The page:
Construction projects are complex in nature and prone to cost and schedule overruns. A significant factor that often contributes to such overruns is rework.
I catch myself from time to time spending money on things that I just don’t need to. Whether it’s the cool action video I think I will watch after the (wife selected) romcom, the twenty piece Mcnugget vs. ten, or the third hot dog at Home Depot, it’s all waste – well, usually anyway.
The NAHB in conjunction with Professional Builder Magazine launched the National Housing Quality Award (NHQA) in 1993 to encourage and recognize best practices and best builders in the continual improvement of product and process.
Flat, team based and empowered organizations have the potential to out-perform tall hierarchical organizations in most every competitive industry and that includes home building!
Process improvement can often be received with impatience and inflated expectations of its impact. One of the regular problems is that a particular piece of the organizations process is asked to be improved in isolation.
Let me be straight - I am anti-Net Promoting Index (NPI) in the home building industry and this is why...
Often managers set goals for employees such as a minimum number of units to be produced each week and once this is achieved on a regular basis, then the minimum number is raised and so it continues.
Checklists and audits may be one of the most basic approaches to quality but they frequently lead to problems of accurate data collection. A common issue that arises is not recording errors or defects in the field.
I often wondered why a consulting friend of mine wrote of his miserable air travel experiences, and now I get it. The airline industry, with its product and personnel scenarios are a reasonable proxy for the homebuilding industry. How? Read on.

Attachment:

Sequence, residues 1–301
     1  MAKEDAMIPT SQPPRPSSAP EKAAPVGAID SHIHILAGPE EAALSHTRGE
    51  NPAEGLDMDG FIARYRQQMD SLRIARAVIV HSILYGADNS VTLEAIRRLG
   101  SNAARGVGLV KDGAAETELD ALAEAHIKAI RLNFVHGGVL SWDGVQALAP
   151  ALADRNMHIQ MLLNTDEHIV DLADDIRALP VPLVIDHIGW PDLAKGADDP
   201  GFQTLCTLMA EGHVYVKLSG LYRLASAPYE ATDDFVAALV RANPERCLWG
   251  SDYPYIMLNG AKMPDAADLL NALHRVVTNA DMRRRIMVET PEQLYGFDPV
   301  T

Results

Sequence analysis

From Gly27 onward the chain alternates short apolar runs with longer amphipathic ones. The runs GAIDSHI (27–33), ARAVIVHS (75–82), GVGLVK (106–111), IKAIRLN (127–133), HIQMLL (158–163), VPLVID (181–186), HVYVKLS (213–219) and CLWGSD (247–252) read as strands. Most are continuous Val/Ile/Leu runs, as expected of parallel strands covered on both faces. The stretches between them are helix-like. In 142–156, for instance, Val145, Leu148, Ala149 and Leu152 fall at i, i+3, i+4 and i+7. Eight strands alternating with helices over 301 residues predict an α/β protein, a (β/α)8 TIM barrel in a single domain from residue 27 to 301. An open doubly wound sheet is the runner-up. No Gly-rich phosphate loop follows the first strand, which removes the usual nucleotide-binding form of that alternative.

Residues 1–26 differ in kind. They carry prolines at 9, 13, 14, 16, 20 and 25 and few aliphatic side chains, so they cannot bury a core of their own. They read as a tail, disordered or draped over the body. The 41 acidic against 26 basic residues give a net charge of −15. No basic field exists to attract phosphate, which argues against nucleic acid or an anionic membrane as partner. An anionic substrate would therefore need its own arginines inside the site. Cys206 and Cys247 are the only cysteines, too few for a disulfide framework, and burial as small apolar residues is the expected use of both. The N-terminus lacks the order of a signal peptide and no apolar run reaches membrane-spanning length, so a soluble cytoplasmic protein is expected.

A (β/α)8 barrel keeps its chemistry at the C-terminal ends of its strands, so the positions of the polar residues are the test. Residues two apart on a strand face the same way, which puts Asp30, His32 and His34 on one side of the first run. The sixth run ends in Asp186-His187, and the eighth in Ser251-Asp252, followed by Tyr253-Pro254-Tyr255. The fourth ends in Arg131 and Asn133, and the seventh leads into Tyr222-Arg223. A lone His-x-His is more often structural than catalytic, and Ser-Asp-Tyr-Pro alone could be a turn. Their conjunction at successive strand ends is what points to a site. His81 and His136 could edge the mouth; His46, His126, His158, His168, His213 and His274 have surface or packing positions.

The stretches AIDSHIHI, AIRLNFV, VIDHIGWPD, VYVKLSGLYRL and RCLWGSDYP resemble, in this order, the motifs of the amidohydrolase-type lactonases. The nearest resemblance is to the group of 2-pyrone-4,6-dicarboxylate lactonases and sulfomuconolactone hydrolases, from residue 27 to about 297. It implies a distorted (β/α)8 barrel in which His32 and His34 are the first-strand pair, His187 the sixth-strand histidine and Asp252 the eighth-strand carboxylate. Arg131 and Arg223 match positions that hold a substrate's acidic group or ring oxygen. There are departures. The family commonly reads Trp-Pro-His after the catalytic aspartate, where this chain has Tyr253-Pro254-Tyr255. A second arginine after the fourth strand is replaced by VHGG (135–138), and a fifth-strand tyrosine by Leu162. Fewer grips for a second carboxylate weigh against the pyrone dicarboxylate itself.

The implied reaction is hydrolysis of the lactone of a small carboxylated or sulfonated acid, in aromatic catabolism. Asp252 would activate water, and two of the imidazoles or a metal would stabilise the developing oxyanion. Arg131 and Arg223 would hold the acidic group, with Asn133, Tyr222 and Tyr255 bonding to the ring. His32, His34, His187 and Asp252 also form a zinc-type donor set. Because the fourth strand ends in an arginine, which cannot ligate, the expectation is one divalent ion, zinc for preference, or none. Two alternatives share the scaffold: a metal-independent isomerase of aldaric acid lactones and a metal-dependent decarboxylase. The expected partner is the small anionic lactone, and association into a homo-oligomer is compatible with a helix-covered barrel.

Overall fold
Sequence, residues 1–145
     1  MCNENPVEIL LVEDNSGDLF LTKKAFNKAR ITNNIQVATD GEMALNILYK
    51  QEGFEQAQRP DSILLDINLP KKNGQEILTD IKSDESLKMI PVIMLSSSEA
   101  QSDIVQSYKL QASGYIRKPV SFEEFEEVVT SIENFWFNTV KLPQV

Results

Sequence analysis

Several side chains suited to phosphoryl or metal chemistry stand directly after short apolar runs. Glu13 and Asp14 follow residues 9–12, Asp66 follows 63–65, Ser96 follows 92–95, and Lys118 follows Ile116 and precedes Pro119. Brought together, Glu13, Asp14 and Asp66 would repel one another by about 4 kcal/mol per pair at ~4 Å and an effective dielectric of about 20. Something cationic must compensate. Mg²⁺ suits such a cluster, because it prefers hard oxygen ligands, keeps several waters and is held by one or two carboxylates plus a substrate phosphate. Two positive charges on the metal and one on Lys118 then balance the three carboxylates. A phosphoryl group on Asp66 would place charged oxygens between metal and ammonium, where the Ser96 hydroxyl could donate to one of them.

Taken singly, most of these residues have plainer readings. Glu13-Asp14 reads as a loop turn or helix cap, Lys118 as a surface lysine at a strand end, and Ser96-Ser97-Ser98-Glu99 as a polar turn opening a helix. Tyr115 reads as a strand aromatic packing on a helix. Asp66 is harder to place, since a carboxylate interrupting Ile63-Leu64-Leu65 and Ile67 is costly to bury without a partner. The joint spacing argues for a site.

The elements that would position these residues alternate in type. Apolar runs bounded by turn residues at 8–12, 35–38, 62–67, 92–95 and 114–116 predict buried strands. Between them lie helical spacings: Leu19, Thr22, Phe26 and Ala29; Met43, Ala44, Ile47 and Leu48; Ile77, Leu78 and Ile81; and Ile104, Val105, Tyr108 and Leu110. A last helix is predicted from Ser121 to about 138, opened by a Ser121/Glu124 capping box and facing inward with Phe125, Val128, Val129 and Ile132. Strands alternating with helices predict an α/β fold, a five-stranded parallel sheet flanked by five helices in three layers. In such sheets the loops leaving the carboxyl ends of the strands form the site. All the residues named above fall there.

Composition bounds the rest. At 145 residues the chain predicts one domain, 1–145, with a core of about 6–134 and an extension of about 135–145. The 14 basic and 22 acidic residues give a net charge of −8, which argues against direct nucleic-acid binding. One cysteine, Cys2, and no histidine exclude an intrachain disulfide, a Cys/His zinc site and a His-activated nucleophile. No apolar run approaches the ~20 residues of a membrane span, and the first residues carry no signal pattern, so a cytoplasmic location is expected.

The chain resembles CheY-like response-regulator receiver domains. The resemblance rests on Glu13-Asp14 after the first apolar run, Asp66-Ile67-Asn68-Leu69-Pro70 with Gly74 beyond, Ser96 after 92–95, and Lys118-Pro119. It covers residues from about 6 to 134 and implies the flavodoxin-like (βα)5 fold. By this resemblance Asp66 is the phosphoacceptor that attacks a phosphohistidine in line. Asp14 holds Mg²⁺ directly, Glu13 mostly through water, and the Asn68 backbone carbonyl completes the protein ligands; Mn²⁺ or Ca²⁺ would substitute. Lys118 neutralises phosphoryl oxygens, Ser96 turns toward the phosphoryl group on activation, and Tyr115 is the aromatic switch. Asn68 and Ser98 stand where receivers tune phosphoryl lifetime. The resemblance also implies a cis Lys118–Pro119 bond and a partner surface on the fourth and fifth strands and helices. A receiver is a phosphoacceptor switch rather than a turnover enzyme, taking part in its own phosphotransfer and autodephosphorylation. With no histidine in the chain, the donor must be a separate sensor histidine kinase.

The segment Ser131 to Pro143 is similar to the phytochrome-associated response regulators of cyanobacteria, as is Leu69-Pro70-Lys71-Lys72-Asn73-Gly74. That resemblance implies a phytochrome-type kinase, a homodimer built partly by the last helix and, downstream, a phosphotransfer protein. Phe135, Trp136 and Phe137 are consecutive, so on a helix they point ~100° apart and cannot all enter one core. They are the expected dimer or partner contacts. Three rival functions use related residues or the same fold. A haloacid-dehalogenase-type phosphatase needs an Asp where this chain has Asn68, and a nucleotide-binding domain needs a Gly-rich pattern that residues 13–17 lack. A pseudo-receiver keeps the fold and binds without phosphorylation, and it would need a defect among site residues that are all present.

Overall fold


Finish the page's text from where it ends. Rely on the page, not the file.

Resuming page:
NHQ Award winning builder, NHQA Judge and consultant Tom Gillespie has developed a set of process diagrams that provide an overview of the intent behind each NHQA category and how it flows through each of the requirements.
Our business picked up in late 2011, started the New Year off well, and we were deluged at the IBS show, beginning with a standing-room-only presentation on Lean Design. Our first quarter is strong and 2nd quarter looks even better.
Recently I’ve seen a financial company misplace $30k, a health care organization twice have a patient end up back in ER and a manufacturer face a class action lawsuit.
Peter Senge wrote one of the best business books of the 1990’s, The Learning Organization. It is one of those on my list to pull off the shelf and read again, if I ever catch up with the stack of unread volumes on my credenza now.
I am of two minds today. I have two entirely unrelated topics to discuss:
A. Show Village at IBS
The bottom of the market is clearly in and most builders know it, especially those that attended the International Builder Show (IBS) in Orlando, February 7-11th. At IBS 2012, there were scores of great programs on red hot topics like Social Media Strategies, Marketing Must Dos, Lean
The NHQA is open to home builders, trade contractors and remodelers. Whether you are building production or custom homes, within communities or build on your lot, whether your homes are $100k or over $1million, if your market is within a city or covers 14 states.